Concurrency October 29, 2009Posted by ddouthitt in Erlang, Haskell, Scala.
Tags: concurrency, parallelism
One of the most interesting things about some of these languages (such as Scala) is their innate support of concurrency.
Concurrency is a huge benefit for making systems work together or for making programming systems that can scale (that is, grow and adapt to heavier usage).
Ted Leung at his blog wrote an article about concurrency called The Cambrian Period of Concurrency (and a follow-up). He also gave a talk at OSCON 2009 titled A Survey of Concurrency Constructs which was well received.
Tim Bray, also from Sun Microsystems, created a series of articles on the same topic entitled Concur.next. He talks about Haskell, Erlang, and Clojure. Erlang and Haskell are fascinating, but to me Clojure seems like it took Lisp and obfuscated it and made it harder to learn and use – and became slower besides.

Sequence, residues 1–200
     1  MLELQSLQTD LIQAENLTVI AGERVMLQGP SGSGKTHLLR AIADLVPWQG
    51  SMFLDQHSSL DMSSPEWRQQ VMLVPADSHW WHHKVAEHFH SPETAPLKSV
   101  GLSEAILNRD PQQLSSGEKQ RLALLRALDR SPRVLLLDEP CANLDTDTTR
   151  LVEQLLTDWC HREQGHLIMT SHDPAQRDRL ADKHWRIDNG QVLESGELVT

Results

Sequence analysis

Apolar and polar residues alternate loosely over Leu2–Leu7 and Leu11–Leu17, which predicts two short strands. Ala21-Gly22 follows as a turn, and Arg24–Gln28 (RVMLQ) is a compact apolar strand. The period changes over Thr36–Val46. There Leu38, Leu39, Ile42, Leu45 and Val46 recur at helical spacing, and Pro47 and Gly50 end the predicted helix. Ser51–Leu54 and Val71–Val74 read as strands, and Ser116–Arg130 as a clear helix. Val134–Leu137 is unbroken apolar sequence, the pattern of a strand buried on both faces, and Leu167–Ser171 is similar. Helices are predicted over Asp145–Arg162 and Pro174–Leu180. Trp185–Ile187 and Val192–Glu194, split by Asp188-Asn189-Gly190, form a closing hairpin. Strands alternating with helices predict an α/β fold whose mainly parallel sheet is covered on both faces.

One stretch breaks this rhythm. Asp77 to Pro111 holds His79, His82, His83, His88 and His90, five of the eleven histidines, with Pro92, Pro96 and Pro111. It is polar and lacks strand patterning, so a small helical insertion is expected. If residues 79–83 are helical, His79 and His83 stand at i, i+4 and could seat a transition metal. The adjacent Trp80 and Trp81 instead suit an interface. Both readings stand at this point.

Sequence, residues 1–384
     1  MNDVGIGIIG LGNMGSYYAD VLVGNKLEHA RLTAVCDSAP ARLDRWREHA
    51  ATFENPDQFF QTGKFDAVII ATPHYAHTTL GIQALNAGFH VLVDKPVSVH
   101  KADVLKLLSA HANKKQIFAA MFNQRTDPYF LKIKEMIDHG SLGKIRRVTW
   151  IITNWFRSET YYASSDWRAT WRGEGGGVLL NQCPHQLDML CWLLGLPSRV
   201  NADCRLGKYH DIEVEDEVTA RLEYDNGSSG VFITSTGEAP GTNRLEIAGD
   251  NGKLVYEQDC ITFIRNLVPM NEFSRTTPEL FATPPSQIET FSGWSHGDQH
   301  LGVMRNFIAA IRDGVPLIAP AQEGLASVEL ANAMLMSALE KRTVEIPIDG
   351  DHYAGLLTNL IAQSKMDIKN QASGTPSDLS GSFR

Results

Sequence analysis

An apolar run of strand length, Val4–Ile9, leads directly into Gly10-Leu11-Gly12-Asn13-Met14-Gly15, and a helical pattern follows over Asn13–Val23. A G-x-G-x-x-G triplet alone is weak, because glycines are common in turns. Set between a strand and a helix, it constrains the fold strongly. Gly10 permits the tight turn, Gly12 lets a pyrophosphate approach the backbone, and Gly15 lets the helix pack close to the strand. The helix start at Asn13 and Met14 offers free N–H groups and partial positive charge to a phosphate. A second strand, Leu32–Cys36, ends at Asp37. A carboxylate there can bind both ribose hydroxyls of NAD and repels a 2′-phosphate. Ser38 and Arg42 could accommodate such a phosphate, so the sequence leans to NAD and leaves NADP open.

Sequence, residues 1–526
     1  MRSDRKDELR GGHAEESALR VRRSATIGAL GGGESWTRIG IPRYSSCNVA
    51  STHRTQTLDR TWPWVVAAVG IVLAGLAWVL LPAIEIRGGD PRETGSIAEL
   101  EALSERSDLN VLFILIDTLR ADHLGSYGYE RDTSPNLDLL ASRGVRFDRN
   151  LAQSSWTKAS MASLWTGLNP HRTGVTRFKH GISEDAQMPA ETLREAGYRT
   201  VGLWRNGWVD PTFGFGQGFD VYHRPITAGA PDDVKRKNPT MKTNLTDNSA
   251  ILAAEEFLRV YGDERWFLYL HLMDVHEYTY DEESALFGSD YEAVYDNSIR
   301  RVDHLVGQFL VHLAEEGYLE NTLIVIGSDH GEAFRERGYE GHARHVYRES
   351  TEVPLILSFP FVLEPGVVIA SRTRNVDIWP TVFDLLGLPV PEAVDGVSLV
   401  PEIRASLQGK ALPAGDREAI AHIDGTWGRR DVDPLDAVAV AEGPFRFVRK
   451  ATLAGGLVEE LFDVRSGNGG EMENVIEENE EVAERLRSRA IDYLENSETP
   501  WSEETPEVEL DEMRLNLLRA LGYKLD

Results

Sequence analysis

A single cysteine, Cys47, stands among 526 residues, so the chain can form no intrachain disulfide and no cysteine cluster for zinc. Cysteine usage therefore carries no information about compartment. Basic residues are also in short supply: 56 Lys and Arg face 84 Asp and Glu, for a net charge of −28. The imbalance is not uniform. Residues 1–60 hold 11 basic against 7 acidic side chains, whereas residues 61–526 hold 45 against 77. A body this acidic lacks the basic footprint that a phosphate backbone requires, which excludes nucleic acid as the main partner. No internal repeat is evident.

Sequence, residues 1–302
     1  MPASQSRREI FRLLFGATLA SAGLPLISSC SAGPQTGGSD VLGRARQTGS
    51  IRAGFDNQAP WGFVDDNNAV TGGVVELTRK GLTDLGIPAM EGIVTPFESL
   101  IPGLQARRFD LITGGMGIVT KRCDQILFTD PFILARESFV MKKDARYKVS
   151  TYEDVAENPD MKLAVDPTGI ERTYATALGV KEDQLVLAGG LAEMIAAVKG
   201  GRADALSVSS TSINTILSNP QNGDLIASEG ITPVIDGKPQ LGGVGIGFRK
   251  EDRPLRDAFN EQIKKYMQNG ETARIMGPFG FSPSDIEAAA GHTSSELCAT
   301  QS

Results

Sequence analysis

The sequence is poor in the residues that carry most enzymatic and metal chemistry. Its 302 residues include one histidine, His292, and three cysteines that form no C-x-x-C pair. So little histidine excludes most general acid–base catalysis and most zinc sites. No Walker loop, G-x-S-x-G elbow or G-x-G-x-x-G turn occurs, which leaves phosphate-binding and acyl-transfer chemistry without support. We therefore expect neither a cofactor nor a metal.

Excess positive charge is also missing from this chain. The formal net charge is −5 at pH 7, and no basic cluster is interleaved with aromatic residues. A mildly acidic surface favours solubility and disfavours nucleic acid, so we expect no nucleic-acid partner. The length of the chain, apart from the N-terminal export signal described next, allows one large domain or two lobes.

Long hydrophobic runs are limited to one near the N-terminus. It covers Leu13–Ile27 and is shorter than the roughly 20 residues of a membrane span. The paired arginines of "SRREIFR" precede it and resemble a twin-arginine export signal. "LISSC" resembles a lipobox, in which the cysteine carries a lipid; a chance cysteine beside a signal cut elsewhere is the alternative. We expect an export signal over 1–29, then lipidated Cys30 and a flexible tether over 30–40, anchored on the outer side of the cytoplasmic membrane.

After reading Tim’s article, one of the Glaskow Haskell Compiler (GHC) folks wrote an article comparing parallelism and concurrency. (By the way, not everyone thinks of Haskell when one talks of GHC…)
What intrigues me most about concurrent systems is the ability of multiple systems to work together – not as a cluster, nor in a failover configuration – but as a coherent set of multiple systems doing what each does best. A compute-farm with dynamically responding discrete and unique systems would be one example. Another example (which intrigues me to no end) is a network of servers that responds as a whole to a threat on any one of the servers individually.
Concurrent programming over the network, when used to its fullest, means that a server no longer needs to be the largest unit of response: it means that a network may respond, not just the server. It means that information can be shared among a group of servers rather than just one. Concurrency opens up a vast amount of fascinating ideas.